We are sad to report that another great racing driver has passed away. Vic Elford, often referred to as ‘Quick Vic’, died on March 13 at the age of 86 after a bravely fought battle with cancer.
Vic didn’t come from a motorsport background. He was born and raised in London where his parents ran a modest working men’s cafe. As a youngster he had very little money so he wasn’t able to enter motorsport until he was 26, and then as a rally navigator because he couldn’t afford a car of his own.
But once he got behind the steering wheel, he was a demon and proved to be an incredibly versatile driver. He was one of a rare breed that could jump into any car, drive it to its maximum from the word go and often win. He was soon rallying works Porsche 911s and won the 1967 European Rally Championship. Porsche then gave him the opportunity to race their mighty sports racers which only the best and bravest drivers could master.
As an example of his versatility, in 1968 he won the arduous Monte Carlo Rally in a Porsche 911, giving the German manufacturer their first victory on the event. A week later he won the 24 Hours of Daytona in a Porsche 907, their first win in a 24-hour race. He then won the fast and dangerous Targa Florio road race in another 907 and in his first ever Formula 1 race came 4th in the French Grand Prix in a Cooper-BRM behind maestros Ickx, Surtees and Stewart.
He went on to win the Nurburgring 1000km three times, the Sebring 12 Hours and finished first in class twice in the Le Mans 24 Hours. One of the reasons he did so well on the long road race circuits was, as he told me in a generous and interesting interview in 2006: “I put in the homework and I’ve got a pretty photographic memory for roads. I remember things very well. When I was practising for the Targa Florio I would describe the roads to myself in rally pace note terms. Then because of my memory, when I was driving I would be reading these imaginary pace notes back to myself, out loud. It just came naturally without my thinking about it. But it only works if I say it out loud.”
Vic also rubbed door handles with the likes of Richard Petty, David Pearson and Lee Roy Yarbrough in NASCAR’s Daytona 500 three times. He drove Jim Hall’s Trans-Am Camaro to victory at Watkins Glen in 1970 in only his second TransAm start and took over driving duties from Jackie Stewart of Hall’s innovative and controversial Chaparral 2J ‘sucker’ Can-Am car.
This unconventional-looking beast of a car was powered by a 465cu in aluminium Chevy motor with an auxiliary 247cc two-stroke engine that drove a pair of fans that sucked the air out from under the car, sticking it to the tarmac like a limpet. Vic recalled: “I started testing down in Texas at Rattlesnake Raceway. I got quite a lot of time in it then and I did the first race at Road Atlanta where I was on pole by miles. We had a problem when the little engine broke. I did finish but I had two or three pit stops which you can’t do in Can Am. The following year, after the sucker car got banned, Jim got really pissed off and he said: ‘That’s it. I’m giving up motor racing.’ So he just stopped.”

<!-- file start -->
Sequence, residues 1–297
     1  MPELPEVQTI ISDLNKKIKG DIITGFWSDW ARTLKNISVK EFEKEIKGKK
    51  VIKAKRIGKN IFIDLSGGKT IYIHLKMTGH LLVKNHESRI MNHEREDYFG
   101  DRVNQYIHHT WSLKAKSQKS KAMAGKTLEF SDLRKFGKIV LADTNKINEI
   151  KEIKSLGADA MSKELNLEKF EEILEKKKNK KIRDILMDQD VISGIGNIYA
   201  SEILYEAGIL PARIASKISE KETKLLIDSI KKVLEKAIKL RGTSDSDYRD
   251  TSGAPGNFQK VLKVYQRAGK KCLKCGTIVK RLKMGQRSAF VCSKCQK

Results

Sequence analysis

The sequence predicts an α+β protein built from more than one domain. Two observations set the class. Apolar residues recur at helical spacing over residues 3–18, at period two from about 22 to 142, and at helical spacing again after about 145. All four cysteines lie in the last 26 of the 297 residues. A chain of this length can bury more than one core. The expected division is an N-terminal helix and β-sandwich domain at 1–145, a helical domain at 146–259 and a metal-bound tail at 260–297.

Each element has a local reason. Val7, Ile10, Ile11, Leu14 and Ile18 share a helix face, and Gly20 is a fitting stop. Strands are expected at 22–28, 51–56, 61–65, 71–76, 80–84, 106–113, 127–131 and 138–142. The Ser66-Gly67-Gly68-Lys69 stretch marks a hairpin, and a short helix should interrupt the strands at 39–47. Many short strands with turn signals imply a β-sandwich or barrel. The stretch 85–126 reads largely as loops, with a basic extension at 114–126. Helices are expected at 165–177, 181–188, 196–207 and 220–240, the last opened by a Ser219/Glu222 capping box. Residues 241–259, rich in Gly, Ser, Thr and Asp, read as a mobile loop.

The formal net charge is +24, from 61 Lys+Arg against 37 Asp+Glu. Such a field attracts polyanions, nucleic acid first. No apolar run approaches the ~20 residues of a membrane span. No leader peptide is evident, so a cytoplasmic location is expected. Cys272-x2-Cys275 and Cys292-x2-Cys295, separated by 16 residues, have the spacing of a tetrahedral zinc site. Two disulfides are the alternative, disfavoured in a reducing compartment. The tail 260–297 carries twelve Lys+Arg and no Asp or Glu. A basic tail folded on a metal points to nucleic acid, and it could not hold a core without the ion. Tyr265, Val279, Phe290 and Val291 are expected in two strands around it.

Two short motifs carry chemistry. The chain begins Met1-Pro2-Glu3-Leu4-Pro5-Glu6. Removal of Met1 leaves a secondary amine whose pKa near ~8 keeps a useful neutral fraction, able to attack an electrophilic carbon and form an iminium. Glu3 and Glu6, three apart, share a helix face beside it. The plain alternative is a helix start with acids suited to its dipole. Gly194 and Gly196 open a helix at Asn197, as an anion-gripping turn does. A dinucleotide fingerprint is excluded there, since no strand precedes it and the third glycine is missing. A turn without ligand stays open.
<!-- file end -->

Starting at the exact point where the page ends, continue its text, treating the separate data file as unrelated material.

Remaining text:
In 1970 Vic spent three weeks after the Le Mans 24 Hour race helping out with the driving sequences in Steve McQueen’s film Le Mans. He told me: “That was great fun and Steve was a very good driver.”
Vic then witnessed tragedy at Le Mans two years later. The open-top Lola T280 of his good friend Jo Bonnier tangled with the slower Ferrari Daytona of amateur racer Florian Vetsch, flew off into the woods and Jo was killed. The Ferrari burst into flames. Vic, racing an Alfa Romeo 33, came across the scene, stopped and rushed over to the fiercely burning Ferrari to rescue the driver. He opened the door but Vetsch had already baled out, suffering burns to his hands. The episode was captured on film. Vic said: “That went on French TV. After that I was awarded the Chevalier de l’Ordre National du Mérite, which is the second highest decoration you can receive in France as a private person. It didn’t take guts at all. It didn’t occur to me. I wasn’t going to stand there and watch a guy burn to death.”
Vic quit full-time racing at the end of that season and retired altogether in 1974. He went on to manage the ATS F1 Team, moved to the US in ’84 and became involved with driver instruction. He tutored a young Juan Pablo Montoya who went on to race in F1 and NASCAR and won the Indy 500 twice. Vic spent his later years attending many historic racing events around the world including several visits to the Goodwood Festival of Speed.
Godspeed ‘Quick Vic’.